Isn’t that the a big reason why girls sports teams won’t let a single boy on them, even if the boy is smaller than them?

    Isn’t that why so many schools set up leadership programs focusing on girls?

    and so on… and so on….

    Seems to me that women say it’s a bad reason if anyone, even a private group, uses it against women, but when society uses it against boys then it’s a legitimate reason.

    Is this your version of equity?

  2. Peggy says:

    Aaron, I agree that barring participation based on gender, race, ability, etc. should be scrutinized. When we limit ourselves to only those that share our same opinion, voice, or in this case anatomy, we lose an opportunity for a broader discussion. Christy even admits that there may have been valid reasoning for keeping Ms. Perfetto from attending the meeting. But it seems that the reason for the meeting, “later-life care of retirees” would have been a perfect environment for her attendance. As with non sports-related health care issues, the impact on families is immense and direct for those that provide care. By barring Ms. Pefetto, the NFL ignores its obligation to its older players and the families that helped build and support it.

  3. Bob says:

    First and foremost, I attended a public university and boys were always in feminist classes granted they were limited but not because professors did not permit them. Also I think Aaron may want to look over leadership programs because what he will notice is that they are geared to the most underrepresented groups in either that university or in America. Often times this is determined by the persons race, sex, socio-economic class, or disability. The article was simply pointing out that “bad language” should not keep a woman out of a meeting that critically impacts her husband and possibly other retired sports athletes who rely heavily on the women in their lives to handle their affairs. Lets be honest, these pro-athlete wives have probably heard it all so why be shy now? It really just sounds like Aaron is so bitter about his personal problems that he fails to realize the true impact of what the NFL players have done here.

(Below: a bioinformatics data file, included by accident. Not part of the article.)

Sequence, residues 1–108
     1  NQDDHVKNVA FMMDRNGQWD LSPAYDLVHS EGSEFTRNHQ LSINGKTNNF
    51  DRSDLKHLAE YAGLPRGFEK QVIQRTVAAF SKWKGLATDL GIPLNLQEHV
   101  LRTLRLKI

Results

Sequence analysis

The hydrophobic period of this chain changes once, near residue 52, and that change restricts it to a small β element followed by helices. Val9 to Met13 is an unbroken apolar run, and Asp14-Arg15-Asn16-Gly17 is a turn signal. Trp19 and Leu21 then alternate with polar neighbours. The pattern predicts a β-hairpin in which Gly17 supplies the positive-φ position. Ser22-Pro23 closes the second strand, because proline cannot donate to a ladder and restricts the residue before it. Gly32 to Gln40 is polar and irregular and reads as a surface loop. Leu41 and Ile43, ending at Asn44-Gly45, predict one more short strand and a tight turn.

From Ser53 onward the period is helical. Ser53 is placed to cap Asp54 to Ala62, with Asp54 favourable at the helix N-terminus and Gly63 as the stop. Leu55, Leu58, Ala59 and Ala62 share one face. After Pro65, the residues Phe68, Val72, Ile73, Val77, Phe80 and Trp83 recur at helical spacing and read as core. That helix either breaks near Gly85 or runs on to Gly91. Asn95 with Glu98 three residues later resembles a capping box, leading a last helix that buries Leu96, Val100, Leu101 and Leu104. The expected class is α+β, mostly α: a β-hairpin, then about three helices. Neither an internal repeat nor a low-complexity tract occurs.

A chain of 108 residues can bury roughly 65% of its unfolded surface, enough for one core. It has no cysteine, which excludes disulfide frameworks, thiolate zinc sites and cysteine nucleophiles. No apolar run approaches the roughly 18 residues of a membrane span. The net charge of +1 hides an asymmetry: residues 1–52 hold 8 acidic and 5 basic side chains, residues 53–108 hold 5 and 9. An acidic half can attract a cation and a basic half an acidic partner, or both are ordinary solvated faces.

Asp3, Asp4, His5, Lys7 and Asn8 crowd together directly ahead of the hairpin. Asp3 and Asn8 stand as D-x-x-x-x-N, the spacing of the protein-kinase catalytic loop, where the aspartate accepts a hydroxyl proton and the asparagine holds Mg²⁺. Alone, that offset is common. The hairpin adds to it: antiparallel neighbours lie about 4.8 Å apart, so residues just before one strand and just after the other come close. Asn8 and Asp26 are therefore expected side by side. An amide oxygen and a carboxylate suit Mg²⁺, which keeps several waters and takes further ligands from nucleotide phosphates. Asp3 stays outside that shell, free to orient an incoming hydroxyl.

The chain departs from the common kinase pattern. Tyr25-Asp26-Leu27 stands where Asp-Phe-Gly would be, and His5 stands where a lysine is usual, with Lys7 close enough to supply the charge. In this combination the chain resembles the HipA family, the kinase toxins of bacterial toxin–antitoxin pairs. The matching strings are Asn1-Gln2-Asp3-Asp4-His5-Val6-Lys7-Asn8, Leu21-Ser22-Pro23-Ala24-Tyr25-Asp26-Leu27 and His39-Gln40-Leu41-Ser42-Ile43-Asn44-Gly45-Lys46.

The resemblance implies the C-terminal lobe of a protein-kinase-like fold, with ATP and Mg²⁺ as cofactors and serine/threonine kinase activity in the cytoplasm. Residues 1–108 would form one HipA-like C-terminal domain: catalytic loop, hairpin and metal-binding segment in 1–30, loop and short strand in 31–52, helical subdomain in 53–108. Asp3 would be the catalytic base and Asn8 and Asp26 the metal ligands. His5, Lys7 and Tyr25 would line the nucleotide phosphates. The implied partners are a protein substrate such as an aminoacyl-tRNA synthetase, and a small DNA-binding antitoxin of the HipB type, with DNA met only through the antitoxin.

4. christyjones says:

    One of the interesting aspects of the internet is the opportunity to obtain education online. Numerous friends of mine are taking online classes to augment their regular brick & mortar ones and are looking forward to graduating earlier as a result.

    MIT offers the MITOpenCourseWare program, which allows anyone FREE access to most of their classes, including lecture notes, book lists, etc. A good learning-for-learning sake autmosphere, taking classes here does not give you college credits but gives you the ability to receive undergrad/grad level edcuation. Based on the comments to this post, I am providing a link to their Women’s and Gender Studies series so that any man or woman can increase their knowledge in this area, something that wouldn’t hurt any of us.